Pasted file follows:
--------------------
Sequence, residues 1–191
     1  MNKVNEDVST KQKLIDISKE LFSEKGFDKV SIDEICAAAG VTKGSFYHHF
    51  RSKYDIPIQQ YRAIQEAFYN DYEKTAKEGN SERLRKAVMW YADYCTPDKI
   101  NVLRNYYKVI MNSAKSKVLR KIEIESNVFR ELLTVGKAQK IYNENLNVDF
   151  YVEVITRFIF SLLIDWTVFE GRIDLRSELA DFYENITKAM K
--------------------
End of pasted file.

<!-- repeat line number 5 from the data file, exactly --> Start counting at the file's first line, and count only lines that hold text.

   151  YVEVITRFIF SLLIDWTVFE GRIDLRSELA DFYENITKAM K